Venture Backed Startups: The Race of a Lifetime

Last Friday I gave a short talk to the entire team at Mysa where I wanted to answer and unpack a question asked by one of our recent students the week before. The student asked me, “What is the one thing that will prevent Mysa from succeeding well into the future?” My mind immediately went to “what a great question and what motivated this student to ask me this very big question?” It then went to, “how do I answer this question because I can probably name a hundred things that could fault us!”

“What is the one thing that will prevent Mysa from succeeding well into the future?”

After about 20 seconds of humming and hawing, I was finally able to articulate a concept pulled from my three years of startup life (feels so much longer) plus what I’ve learned from speaking with many many other founders who have been both successful and not successful. It’s also probably the most important thing I learned from completing the HBX course “Scaling Ventures”.

So what did I tell this student and later the entire team at Mysa? The one thing that will prevent Mysa from succeeding well into the future… is not correctly managing our growth rate.

To help unpack this concept, I thought of explaining it through an analogy of driving a car in a race. The growth rate of the company is analogous to the speed of the car as the car speeds around the track.

The growth rate of the company is analogous to the speed of the car as the car speeds around the track.

As almost everyone knows, a skillful race car driver has to continuously speed up and slow down to finish the course and to hopefully place near the top. At certain times on the track there are straightaways where the driver can just floor it. However, there are other times where the driver must slow down around turns to prevent flying off the track. At the same time, the driver must drive as fast as possible to win the race. Therefore, a very dumbed down race strategy is, “drive as fast as possible while maintaining control.”

So, how do we think about the growth rate at Mysa. It applies to essentially everything we do but here are just a few:

  • How do we balance new features and products against bug fixes, improving core feature set?
  • How much do we focus on new growth marketing/sales initiatives vs improving what-we-know-works?
  • How much inventory do we buy at any given time?
  • How much money do we raise either through debt or equity?
  • How quickly do we hire and build out the roles/teams we need to continue growing?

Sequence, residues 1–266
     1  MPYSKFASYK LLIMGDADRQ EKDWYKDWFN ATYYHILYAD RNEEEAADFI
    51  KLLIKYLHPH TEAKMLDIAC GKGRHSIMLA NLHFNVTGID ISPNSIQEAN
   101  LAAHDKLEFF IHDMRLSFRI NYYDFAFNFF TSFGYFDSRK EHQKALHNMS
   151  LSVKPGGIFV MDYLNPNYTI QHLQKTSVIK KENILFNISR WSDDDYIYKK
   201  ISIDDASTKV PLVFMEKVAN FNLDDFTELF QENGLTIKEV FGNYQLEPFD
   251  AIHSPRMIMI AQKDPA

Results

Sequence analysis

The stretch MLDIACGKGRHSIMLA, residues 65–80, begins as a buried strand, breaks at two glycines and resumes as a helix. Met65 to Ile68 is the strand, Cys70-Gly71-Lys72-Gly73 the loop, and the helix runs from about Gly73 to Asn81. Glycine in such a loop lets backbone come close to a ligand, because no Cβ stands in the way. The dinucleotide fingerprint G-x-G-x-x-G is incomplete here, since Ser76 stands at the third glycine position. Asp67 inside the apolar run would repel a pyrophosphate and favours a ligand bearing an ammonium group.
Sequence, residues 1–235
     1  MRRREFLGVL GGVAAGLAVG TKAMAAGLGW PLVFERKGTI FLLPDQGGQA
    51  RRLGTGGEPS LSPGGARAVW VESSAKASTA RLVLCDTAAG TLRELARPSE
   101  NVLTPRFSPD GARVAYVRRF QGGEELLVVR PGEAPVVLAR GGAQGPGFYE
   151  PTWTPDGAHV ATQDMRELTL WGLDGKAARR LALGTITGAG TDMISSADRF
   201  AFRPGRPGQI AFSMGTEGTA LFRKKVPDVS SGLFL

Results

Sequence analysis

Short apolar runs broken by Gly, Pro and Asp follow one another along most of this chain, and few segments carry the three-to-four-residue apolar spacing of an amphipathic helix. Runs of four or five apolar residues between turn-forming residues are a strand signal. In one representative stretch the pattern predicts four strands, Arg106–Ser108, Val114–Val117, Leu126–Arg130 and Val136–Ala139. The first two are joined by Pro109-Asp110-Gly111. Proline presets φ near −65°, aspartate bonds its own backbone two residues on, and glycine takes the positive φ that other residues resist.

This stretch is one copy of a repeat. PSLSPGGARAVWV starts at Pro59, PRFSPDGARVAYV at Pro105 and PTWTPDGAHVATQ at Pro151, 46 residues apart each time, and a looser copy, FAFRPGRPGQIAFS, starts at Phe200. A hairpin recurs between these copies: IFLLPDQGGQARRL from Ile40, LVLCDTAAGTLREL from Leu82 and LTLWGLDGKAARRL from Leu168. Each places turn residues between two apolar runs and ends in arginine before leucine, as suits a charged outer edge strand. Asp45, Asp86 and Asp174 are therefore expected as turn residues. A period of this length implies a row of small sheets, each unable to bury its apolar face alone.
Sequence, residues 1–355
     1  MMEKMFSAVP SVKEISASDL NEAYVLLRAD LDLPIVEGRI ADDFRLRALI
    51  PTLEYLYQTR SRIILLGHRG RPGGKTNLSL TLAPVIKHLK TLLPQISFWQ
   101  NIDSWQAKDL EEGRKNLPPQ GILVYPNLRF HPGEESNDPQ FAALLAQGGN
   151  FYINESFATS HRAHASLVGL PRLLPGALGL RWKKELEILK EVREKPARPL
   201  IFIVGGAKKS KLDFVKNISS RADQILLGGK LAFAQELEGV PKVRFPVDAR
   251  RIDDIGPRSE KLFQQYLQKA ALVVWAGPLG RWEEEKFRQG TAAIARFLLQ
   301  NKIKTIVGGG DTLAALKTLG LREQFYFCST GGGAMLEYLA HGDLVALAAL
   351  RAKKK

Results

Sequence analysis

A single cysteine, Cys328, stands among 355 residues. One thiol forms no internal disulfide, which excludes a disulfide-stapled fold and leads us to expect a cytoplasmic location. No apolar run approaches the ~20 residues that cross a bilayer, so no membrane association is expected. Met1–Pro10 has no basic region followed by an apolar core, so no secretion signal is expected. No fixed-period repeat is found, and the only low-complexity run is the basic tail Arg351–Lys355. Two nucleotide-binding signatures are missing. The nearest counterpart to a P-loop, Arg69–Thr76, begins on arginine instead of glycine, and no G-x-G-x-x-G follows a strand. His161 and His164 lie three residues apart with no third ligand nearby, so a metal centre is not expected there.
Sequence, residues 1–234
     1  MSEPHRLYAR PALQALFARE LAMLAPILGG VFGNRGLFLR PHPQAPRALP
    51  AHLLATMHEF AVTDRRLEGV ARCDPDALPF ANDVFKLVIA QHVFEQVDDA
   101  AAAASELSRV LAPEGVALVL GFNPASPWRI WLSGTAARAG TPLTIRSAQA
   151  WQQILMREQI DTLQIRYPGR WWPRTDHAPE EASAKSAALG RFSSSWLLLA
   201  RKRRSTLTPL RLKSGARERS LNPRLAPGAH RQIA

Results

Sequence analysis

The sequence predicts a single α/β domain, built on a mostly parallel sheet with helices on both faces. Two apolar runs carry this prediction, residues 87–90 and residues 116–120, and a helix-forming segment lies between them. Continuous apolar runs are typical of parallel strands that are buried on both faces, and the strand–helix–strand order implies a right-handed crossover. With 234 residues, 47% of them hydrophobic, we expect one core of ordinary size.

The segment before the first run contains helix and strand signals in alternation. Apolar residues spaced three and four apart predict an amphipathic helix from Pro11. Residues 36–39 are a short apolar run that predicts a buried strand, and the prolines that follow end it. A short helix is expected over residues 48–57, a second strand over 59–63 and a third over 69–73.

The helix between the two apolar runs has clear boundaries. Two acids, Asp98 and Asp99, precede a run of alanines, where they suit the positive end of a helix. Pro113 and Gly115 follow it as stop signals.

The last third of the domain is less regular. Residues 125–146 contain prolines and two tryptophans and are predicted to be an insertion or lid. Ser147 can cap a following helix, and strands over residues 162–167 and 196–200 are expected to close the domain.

The answers to these questions (oh by the way which are changing all the time) and the actions we take, ultimately are what keeps us moving and in control.

After describing the problem and the risks to the business, I began to describe how we have thought about our growth rate and how we know when we need to ease up on the pedal and when we can push a little harder. Some of the questions we ask ourselves include:

  • How are our people feeling and do they feel supported and motivated?
  • How are our customers feeling about us and our products?
  • How are our shareholders feeling about our progress and revenue growth?
  • How does our burn rate compare to our cash inflows?
  • For any given initiative, are we confident in the path forward or are we still researching, iterating, or analyzing the possible paths?

There are strategies on how to answer or think about all of these big questions. However, one thing that I have found is that, while leadership is extremely important, it is on everyone at the company to help us answer these questions. And the key to getting the whole company to help, is open, honest, and frequent communication across the company.

Before I wrap up, a couple of related points.

  1. A constantly changing growth rate can sometimes be hard for employees to understand. Sometimes a slow down in hiring can feel like the business is not doing as well as it was in the past. While in reality, it’s more likely that the business is taking the time to establish new processes or hunkering down on a new product development phase or simply to maintain an appropriate burn rate until the next fundraising event. Growth spurts and times of slower growth are normal.
  2. My experience so far has been down the venture backed path where maximizing the growth rate is important for the return of our investors. This path is not for all companies and certain companies and lifestyles don’t need to think about going around the track as fast as possible. Venture backed startups aren’t for everyone.

I have loved the last three years of leading the team at Mysa. I have learned more than I could have ever imagined when I was just starting out on what it takes to make something truly successful. The pace at which we have grown has worked out very well (although nothing is ever perfect) and I look forward to continuing to managing our growth rate for many years to come.




CEO Mysa Smart Thermostats

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Joshua Green

Joshua Green

CEO Mysa Smart Thermostats

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